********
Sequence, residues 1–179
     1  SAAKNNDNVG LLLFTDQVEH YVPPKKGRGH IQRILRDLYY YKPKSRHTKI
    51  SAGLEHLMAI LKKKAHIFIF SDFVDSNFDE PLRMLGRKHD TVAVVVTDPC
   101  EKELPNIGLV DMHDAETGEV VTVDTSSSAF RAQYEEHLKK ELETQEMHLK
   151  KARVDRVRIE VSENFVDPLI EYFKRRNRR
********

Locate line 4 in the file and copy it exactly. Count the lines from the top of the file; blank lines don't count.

   101  EKELPNIGLV DMHDAETGEV VTVDTSSSAF RAQYEEHLKK ELETQEMHLK